The Conferences Of John Cassian by John Cassian
Chapter XXVIII. The answer telling in what cases the determination is to be kept fixedly, and in what cases it may be broken if need be.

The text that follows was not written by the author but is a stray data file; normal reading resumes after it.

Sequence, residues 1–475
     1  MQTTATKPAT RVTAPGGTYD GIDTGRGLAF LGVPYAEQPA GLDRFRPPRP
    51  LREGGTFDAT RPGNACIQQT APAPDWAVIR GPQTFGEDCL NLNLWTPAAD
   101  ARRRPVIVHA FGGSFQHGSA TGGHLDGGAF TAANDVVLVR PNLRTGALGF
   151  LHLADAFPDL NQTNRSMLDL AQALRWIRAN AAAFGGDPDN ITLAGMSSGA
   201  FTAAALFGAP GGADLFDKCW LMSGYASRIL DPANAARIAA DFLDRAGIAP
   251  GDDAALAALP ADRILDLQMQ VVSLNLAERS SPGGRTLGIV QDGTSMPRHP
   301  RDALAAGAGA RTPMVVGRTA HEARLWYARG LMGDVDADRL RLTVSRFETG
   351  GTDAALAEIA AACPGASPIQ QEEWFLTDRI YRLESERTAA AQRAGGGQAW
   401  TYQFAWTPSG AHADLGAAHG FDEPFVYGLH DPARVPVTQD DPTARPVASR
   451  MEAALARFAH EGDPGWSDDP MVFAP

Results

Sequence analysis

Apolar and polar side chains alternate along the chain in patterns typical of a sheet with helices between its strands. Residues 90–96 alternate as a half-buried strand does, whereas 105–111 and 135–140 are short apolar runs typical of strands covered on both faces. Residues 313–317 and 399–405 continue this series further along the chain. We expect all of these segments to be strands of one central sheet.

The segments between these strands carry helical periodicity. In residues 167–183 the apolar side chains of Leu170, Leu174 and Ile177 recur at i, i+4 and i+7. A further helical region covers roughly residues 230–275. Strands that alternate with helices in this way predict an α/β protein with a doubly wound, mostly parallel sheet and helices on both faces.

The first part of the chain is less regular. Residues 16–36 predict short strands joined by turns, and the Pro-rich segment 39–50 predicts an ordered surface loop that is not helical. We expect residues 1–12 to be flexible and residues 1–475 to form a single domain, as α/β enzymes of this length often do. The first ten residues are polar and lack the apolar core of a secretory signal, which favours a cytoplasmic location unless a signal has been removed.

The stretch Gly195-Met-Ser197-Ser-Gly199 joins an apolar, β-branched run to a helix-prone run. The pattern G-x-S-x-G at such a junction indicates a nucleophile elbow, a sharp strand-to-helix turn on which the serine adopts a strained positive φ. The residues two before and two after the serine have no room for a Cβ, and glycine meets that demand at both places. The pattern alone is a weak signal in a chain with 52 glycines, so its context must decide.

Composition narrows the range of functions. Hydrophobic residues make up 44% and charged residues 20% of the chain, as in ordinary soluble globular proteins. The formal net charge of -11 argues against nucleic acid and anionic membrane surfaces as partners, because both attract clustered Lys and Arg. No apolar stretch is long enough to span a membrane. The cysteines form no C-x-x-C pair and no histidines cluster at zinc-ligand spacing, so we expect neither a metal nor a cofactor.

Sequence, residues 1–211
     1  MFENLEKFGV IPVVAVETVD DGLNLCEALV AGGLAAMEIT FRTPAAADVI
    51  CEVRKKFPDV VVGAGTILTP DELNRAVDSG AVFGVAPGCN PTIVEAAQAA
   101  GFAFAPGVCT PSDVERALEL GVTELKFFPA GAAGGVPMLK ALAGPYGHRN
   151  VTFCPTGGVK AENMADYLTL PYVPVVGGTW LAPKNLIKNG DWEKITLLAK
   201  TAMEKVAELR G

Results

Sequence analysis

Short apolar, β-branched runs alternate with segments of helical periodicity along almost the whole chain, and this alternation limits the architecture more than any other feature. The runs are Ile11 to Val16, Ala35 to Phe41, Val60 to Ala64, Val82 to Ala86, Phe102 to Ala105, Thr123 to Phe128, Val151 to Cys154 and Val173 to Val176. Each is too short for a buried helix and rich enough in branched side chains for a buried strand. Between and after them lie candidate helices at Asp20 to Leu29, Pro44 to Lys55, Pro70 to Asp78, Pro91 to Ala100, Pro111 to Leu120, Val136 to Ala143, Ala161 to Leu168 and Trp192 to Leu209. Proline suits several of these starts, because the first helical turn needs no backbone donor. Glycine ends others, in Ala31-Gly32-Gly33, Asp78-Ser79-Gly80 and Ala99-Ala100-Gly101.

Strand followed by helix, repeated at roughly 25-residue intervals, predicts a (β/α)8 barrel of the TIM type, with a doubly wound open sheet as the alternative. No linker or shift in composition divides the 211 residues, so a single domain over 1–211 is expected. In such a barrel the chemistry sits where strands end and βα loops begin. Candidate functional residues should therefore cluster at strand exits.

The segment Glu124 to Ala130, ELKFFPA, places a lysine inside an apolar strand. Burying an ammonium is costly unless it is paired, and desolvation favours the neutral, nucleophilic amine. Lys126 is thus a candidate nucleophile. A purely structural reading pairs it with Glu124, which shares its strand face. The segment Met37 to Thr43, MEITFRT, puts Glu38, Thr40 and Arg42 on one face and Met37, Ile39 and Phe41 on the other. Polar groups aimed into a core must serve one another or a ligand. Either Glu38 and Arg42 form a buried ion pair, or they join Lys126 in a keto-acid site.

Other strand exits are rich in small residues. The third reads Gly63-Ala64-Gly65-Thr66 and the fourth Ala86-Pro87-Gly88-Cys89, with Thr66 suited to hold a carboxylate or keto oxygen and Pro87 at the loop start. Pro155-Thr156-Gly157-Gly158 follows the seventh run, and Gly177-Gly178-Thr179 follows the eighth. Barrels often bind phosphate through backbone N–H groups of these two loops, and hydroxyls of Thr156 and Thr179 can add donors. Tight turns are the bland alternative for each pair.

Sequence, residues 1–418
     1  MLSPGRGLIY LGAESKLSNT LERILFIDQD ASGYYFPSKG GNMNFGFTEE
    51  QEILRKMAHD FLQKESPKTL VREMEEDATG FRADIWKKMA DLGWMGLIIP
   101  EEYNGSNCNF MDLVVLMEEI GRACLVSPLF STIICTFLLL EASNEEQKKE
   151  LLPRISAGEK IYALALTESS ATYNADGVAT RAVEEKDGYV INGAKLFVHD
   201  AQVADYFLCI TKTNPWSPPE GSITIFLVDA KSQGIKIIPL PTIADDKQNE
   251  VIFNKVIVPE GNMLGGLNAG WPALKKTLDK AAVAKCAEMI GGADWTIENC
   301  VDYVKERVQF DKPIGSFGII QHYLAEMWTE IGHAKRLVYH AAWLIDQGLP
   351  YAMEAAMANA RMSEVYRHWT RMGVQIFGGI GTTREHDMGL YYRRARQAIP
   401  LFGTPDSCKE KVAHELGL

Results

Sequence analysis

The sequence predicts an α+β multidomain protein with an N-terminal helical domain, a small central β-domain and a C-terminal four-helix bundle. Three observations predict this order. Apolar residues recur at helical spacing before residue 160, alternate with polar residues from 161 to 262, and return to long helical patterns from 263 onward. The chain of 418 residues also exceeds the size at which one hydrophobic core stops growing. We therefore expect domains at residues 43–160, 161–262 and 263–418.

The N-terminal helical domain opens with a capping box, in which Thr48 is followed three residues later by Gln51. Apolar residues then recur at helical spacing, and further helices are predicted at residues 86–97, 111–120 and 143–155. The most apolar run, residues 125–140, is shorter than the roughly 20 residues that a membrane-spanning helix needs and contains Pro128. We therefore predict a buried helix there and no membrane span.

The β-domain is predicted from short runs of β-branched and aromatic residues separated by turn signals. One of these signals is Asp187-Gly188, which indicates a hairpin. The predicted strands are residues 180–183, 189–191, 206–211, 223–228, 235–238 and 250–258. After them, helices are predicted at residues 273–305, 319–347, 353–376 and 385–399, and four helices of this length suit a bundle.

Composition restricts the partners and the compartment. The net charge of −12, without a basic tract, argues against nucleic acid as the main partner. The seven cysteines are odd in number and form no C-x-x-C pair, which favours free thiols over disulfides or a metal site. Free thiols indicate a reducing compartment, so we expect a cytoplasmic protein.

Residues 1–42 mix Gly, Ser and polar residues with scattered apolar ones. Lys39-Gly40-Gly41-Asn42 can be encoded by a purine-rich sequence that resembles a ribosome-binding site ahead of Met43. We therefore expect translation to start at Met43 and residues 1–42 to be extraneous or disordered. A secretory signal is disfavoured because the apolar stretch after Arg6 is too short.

Joseph: We do not lay this down with regard to those fundamental commands, without which our salvation cannot in any way exist, but with regard to those which we can either relax or hold fast to without endangering our state, as for instance, an unbroken and strict fast, or total abstinence from wine or oil, or entire prohibition to leave one's cell, or incessant attention to reading and meditation, all of which can be practised at pleasure, without damage to our profession and purpose, and, if need be, can be given up without blame. But we must most resolutely make up our minds to observe those fundamental commands, and not even, if need arise, to avoid death in their cause, with regard to which we must immovably assert: |I have sworn and am purposed.| And this should be done for the preservation of love, for which all things else should be disregarded lest the beauty and perfection of its calm should suffer a stain. In the same way we must swear for the purity of our chastity, and we ought to do the same for faith, and sobriety and justice, to all of which we must cling with unchangeable persistence, and to forsake which even for a little is worthy of blame. But in the case of those bodily exercises, which are said to be profitable for a little, we must, as we said, decide in such a way that, if there occurs any more decided opportunity for a good act, which would lead us to relax them, we need not be bound by any rule about them, but may give them up and freely adopt what is more useful. For in the case of those bodily exercises, if they are dropped for a time, there is no danger: but to have given up these others even for a moment is deadly.